Risk factors of electrocoagulation syndrome after esophageal endoscopic submucosal dissection

Dae Won Ma, Young Hoon Youn, Da Hyun Jung, Jae Jun Park, Jie-Hyun Kim, HyoJin Park

Research output: Contribution to journalArticle

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Abstract

AIM: To investigate post endoscopic submucosal dissection electrocoagulation syndrome (PEECS) of the esophagus. METHODS: We analyzed 55 consecutive cases with esophageal endoscopic submucosal dissection for superficial esophageal squamous neoplasms at a tertiary referral hospital in South Korea. Esophageal PEECS was defined as "mild" meeting one of the following criteria without any obvious perforation: fever (≥ 37.8°C), leukocytosis (> 10800 cells/μl), or regional chest pain more than 5/10 points as rated on a numeric pain intensity scale. The grade of PEECS was determined as "severe" when meet two or more of above criteria. RESULTS: We included 51 cases without obvious complications in the analysis. The incidence of mild and severe esophageal PEECS was 47.1% and 17.6%, respectively. Risk factor analysis revealed that resected area, procedure time, and muscle layer exposure were significantly associated with PEECS. In multivariate analysis, a resected area larger than 6.0 cm2 (OR = 4.995, 95%CI: 1.110-22.489, P = 0.036) and muscle layer exposure (OR = 5.661, 95%CI: 1.422-22.534, P = 0.014) were independent predictors of esophageal PEECS. All patients with PEECS had favorable outcomes with conservative management approaches, such as intravenous hydration or antibiotics. CONCLUSION: Clinicians should consider the possibility of esophageal PEECS when the resected area exceeds 6.0 cm2 or when the muscle layer exposure is noted.

Original languageEnglish
Pages (from-to)1144-1151
Number of pages8
JournalWorld Journal of Gastroenterology
Volume24
Issue number10
DOIs
Publication statusPublished - 2018 Mar 14

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Electrocoagulation
Muscles
Republic of Korea
Leukocytosis
Esophageal Neoplasms
Chest Pain
Tertiary Care Centers
Esophagus
Statistical Factor Analysis
Fever
Multivariate Analysis
Anti-Bacterial Agents
Pain
Incidence
Endoscopic Mucosal Resection

All Science Journal Classification (ASJC) codes

  • Gastroenterology

Cite this

Ma, Dae Won ; Youn, Young Hoon ; Jung, Da Hyun ; Park, Jae Jun ; Kim, Jie-Hyun ; Park, HyoJin. / Risk factors of electrocoagulation syndrome after esophageal endoscopic submucosal dissection. In: World Journal of Gastroenterology. 2018 ; Vol. 24, No. 10. pp. 1144-1151.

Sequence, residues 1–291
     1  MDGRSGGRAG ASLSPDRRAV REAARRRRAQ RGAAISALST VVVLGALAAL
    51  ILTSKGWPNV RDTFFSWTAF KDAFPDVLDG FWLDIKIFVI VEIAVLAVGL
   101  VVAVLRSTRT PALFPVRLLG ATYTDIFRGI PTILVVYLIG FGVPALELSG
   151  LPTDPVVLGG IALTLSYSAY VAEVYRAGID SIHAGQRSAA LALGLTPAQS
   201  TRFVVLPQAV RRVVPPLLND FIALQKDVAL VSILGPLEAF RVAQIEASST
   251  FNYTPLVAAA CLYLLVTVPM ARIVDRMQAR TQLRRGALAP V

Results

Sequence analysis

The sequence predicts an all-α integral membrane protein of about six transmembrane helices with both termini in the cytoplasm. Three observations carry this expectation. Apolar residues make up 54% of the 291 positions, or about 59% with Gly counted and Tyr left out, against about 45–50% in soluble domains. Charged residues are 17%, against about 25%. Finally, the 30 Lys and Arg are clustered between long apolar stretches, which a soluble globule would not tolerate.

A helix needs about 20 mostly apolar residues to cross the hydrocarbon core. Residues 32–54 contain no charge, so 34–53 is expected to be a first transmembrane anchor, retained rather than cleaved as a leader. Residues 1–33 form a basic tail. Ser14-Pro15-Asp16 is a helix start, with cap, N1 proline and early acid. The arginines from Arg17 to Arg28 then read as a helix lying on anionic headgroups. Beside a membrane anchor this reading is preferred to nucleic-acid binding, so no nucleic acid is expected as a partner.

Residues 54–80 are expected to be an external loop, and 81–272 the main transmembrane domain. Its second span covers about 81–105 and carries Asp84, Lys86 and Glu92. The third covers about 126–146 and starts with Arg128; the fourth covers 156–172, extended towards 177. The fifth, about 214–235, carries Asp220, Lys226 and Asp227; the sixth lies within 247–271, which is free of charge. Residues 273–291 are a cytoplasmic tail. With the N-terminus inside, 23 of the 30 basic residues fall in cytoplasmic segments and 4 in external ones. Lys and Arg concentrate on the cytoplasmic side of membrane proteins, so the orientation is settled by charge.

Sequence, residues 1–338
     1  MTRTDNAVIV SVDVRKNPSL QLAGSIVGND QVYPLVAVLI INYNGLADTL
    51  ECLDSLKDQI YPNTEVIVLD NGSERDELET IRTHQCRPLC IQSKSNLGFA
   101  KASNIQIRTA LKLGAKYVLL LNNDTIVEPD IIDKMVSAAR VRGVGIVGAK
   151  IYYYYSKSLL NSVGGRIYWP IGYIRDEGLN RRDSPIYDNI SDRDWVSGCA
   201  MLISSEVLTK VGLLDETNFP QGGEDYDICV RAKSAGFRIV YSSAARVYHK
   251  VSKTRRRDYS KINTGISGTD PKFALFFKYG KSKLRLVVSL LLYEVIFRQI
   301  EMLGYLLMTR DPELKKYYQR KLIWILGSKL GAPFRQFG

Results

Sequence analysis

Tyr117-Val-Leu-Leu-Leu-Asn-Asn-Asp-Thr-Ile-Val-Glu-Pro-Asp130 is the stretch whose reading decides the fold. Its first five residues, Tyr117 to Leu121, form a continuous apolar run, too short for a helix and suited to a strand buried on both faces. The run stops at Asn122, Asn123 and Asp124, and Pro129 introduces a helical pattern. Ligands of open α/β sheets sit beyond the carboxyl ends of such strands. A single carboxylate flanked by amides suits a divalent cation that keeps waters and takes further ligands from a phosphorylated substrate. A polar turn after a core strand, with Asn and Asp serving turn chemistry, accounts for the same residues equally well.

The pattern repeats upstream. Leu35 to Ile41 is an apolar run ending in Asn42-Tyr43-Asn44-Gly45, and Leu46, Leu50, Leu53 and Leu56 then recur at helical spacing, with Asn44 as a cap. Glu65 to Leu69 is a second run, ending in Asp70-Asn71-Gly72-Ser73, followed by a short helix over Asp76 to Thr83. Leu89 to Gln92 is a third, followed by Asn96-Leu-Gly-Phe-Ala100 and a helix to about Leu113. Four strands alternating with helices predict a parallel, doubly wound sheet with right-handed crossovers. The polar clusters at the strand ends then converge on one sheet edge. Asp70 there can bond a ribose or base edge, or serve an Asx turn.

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abstract = "AIM: To investigate post endoscopic submucosal dissection electrocoagulation syndrome (PEECS) of the esophagus. METHODS: We analyzed 55 consecutive cases with esophageal endoscopic submucosal dissection for superficial esophageal squamous neoplasms at a tertiary referral hospital in South Korea. Esophageal PEECS was defined as {"}mild{"} meeting one of the following criteria without any obvious perforation: fever (≥ 37.8°C), leukocytosis (> 10800 cells/μl), or regional chest pain more than 5/10 points as rated on a numeric pain intensity scale. The grade of PEECS was determined as {"}severe{"} when meet two or more of above criteria. RESULTS: We included 51 cases without obvious complications in the analysis. The incidence of mild and severe esophageal PEECS was 47.1{\%} and 17.6{\%}, respectively. Risk factor analysis revealed that resected area, procedure time, and muscle layer exposure were significantly associated with PEECS. In multivariate analysis, a resected area larger than 6.0 cm2 (OR = 4.995, 95{\%}CI: 1.110-22.489, P = 0.036) and muscle layer exposure (OR = 5.661, 95{\%}CI: 1.422-22.534, P = 0.014) were independent predictors of esophageal PEECS. All patients with PEECS had favorable outcomes with conservative management approaches, such as intravenous hydration or antibiotics. CONCLUSION: Clinicians should consider the possibility of esophageal PEECS when the resected area exceeds 6.0 cm2 or when the muscle layer exposure is noted.",